“What Real Contrition Looks Like” Comments, Page 1

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4 Comments (One Discussion Thread) on “What Real Contrition Looks Like”

    1. Great question, Stuart. I might offer some humble opinions on this. Those with an inflated sense of personal worth and power are likely to do almost anything that ultimately could lead to bad consequence, but because their history of “winning” is a primary contributor to their ego inflation, they have every reason to believe they can and should get away with things. Also, for some, there are insufficient “competing” reasons (i.e. internal inhibitors) such as integrity of image, faithfulness to vows, commitment to principle, etc., to temper their reckless ambition and goal-directed hedonism.

      For awhile, an apathetic society played an “enabling” role as did well-meaning mental health professionals who almost universally trashed the value of shame. Perhaps that’s one of the reasons we have so many with no sense of it anymore. Of course, the mental health community is comfortable with the notion of guilt, just not shame. But in my many years of working with the most seriously disturbed characters, TO A PERSON, real change in their lives came not when they felt bad about things they’d done (many of them felt bad every time they did them – over and over again) but when they could no longer live with the person they’d allowed themselves to become.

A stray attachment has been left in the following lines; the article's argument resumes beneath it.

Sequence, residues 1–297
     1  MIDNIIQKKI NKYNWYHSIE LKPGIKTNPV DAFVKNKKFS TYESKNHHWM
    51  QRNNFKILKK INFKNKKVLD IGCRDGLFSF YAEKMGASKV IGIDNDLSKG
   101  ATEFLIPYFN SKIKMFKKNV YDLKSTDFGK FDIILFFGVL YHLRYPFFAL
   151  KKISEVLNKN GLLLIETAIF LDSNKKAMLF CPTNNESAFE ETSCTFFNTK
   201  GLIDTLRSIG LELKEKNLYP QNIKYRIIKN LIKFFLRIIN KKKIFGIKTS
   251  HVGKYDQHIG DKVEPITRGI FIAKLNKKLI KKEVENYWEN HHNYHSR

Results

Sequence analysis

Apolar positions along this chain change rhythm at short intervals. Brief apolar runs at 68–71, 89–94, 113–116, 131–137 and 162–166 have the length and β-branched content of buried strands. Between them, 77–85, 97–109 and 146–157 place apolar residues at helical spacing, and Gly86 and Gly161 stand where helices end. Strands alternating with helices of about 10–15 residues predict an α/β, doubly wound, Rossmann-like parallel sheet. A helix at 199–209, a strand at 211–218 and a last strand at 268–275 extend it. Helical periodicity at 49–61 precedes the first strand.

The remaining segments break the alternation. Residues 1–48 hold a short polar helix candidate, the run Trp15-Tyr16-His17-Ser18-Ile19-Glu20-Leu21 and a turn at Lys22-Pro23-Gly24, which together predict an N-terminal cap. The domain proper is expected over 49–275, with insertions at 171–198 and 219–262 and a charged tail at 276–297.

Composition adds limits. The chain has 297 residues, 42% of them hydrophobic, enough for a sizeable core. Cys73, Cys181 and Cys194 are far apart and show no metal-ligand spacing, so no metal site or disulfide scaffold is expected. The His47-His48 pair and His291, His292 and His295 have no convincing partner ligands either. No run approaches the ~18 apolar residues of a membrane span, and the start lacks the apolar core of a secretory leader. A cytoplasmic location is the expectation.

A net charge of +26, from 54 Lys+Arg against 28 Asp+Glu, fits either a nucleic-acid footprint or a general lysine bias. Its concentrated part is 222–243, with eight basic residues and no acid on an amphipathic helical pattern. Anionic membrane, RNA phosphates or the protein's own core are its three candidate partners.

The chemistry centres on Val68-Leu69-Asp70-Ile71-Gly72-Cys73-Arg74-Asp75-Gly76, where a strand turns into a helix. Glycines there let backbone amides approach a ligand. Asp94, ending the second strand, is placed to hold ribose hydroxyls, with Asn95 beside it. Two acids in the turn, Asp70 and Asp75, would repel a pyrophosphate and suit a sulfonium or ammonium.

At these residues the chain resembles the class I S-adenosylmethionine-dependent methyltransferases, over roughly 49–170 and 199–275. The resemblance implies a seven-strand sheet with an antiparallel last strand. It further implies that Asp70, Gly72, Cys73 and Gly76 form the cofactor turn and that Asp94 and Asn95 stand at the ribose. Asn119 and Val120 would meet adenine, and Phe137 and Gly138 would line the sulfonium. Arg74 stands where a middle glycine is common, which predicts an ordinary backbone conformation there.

1. Real contrition isn’t just “a change of heart that results in a change of action.”.

    It goes further: if the one offended continues to cherish their offense – as in ” I will never forgive you. I will always hate you. I will seek your life untill one, the other, or both of us are dead” – then ***real*** contrition will say, ” you are right…” and walk away.

    (and live with the sorrow forever…)

  2. I found this phrase particularly helpful “TO A PERSON, real change in their lives came not when they felt bad about things they’d done (many of them felt bad every time they did them – over and over again) but when they could no longer live with the person they’d allowed themselves to become.”
    Thanks for phrasing that moment this way. Much better than “rock bottom”, for instance.

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